We never bothered to learn the mental models of our learners. Not even at the most basic level. How did they organize their thinking about “that stuff they do online”?

But wait…we can’t figure out what everyone is thinking!

True, you cannot figure out the mental models of every single individual. No one is asking that. But we can figure out patterns. First question — is about functionality or categories? Do they really need to know how a domain is organized in order to do their work? Yes, it might help them in the long run, but realistically, that’s not the goal of most people. They just want to get their work done. Help them do that. Where are your learners currently at and where do they or you want them to go?

Shared understandings

Sometimes we have to create common or shared understandings. And individual mental models may get in the way. So what do we do — assuming we are talking about adults?

  • Treat people as adults
    • They have survived in the world so far using the mental models they have been using, don’t demean their understanding of the world. Work to understand it. Break it down.
  • Set a common, agreed upon goal — a destination.
    • Unless you can agree upon why things need to change (the marketplace has changed, more than one person needs to use this kitchen, there’s been a merger) you will not get people on your side.
  • Propose a new mental model
    • How will this effect people in their work?
    • What specific behaviors will have to change? Why?
  • Talk about people’s fears and uncertainties
    • Create a safe environment to discuss fear and uncertainty
    • Allow people to vent
  • Experiment and play with new behaviors
    • Make the learning playful but serious (experiential learning)
    • Engage people in finding resolutions to the change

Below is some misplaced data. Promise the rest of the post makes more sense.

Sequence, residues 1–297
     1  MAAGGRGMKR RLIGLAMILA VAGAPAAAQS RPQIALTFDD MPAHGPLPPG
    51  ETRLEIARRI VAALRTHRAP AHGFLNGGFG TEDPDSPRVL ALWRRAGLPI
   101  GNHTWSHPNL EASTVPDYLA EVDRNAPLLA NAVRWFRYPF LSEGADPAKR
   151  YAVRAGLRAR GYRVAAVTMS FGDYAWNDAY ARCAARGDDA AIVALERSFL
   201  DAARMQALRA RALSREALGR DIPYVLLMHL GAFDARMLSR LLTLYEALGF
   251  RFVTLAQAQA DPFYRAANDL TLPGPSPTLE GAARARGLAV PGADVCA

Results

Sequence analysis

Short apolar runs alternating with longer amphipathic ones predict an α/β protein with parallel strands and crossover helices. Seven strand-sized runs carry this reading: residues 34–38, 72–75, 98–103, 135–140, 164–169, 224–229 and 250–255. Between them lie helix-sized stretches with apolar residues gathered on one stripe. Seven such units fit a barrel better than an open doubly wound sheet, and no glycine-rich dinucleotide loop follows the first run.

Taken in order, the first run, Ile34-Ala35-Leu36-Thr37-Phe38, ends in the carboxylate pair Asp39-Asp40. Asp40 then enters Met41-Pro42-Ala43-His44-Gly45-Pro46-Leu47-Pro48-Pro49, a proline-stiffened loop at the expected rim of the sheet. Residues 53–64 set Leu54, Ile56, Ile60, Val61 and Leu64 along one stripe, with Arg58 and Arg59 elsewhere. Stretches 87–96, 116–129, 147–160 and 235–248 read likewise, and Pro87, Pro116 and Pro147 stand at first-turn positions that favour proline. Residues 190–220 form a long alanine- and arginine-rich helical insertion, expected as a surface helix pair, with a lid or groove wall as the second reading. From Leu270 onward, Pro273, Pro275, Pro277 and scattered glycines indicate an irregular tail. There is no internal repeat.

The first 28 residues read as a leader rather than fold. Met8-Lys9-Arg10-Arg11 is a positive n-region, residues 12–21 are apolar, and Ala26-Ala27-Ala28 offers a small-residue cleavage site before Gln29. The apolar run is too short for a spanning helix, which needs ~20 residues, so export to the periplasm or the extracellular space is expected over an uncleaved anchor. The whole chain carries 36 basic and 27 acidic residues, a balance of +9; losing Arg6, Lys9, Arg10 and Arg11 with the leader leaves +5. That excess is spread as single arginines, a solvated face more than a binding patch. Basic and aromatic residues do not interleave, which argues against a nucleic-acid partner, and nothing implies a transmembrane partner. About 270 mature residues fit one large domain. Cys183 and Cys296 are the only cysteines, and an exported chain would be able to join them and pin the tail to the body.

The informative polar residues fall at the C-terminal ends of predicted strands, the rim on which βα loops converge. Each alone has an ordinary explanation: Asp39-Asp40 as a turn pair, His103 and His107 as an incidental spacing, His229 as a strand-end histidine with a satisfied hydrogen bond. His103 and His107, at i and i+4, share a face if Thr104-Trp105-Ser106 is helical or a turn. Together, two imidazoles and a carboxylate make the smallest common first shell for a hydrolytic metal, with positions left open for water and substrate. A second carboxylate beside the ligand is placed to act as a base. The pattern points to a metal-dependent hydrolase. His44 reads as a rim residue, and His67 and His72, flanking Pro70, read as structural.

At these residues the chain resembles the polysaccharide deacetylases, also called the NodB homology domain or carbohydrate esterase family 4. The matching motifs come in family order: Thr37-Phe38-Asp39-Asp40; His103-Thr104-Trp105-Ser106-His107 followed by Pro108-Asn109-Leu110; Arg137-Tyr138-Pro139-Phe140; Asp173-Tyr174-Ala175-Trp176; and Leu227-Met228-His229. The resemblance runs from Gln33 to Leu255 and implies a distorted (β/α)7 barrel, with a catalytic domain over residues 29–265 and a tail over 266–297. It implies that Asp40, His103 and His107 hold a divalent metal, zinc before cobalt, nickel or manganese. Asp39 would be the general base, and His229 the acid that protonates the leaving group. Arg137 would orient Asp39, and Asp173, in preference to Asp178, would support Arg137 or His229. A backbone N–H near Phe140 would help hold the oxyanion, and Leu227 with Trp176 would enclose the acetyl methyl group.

• Disrupt existing behaviors – have learners reflect on why they did what they did
  • Make a plan to make it happen (action plan)
  • Follow-up (metrics)

I realize these are large bullet points and the struggle is still “how”. It’s hard work to figure out where your learners are currently at and how to change. The specific context matters. Doing the research and analysis matters. Figuring out how to measure the impact of changing mental models matters — what’s the business outcome and how do you measure it?

If I were to ever spend a significant amount of time in my mother’s kitchen, I would start with a conversation that would go something like this: “if we’re going to work together in this space, mom, it would help to make some changes on where you keep things.” I would not, ever again, stomp in there and simply start changing things. She would rightly be furious and resistant.

Imagine the emotional impact on the learners.

Then take it one step at a time.

If you’re all alone in this it helps to brainstorm with friends and colleagues. FYI – I’m always willing to play.

Posted in cognition, instructional design.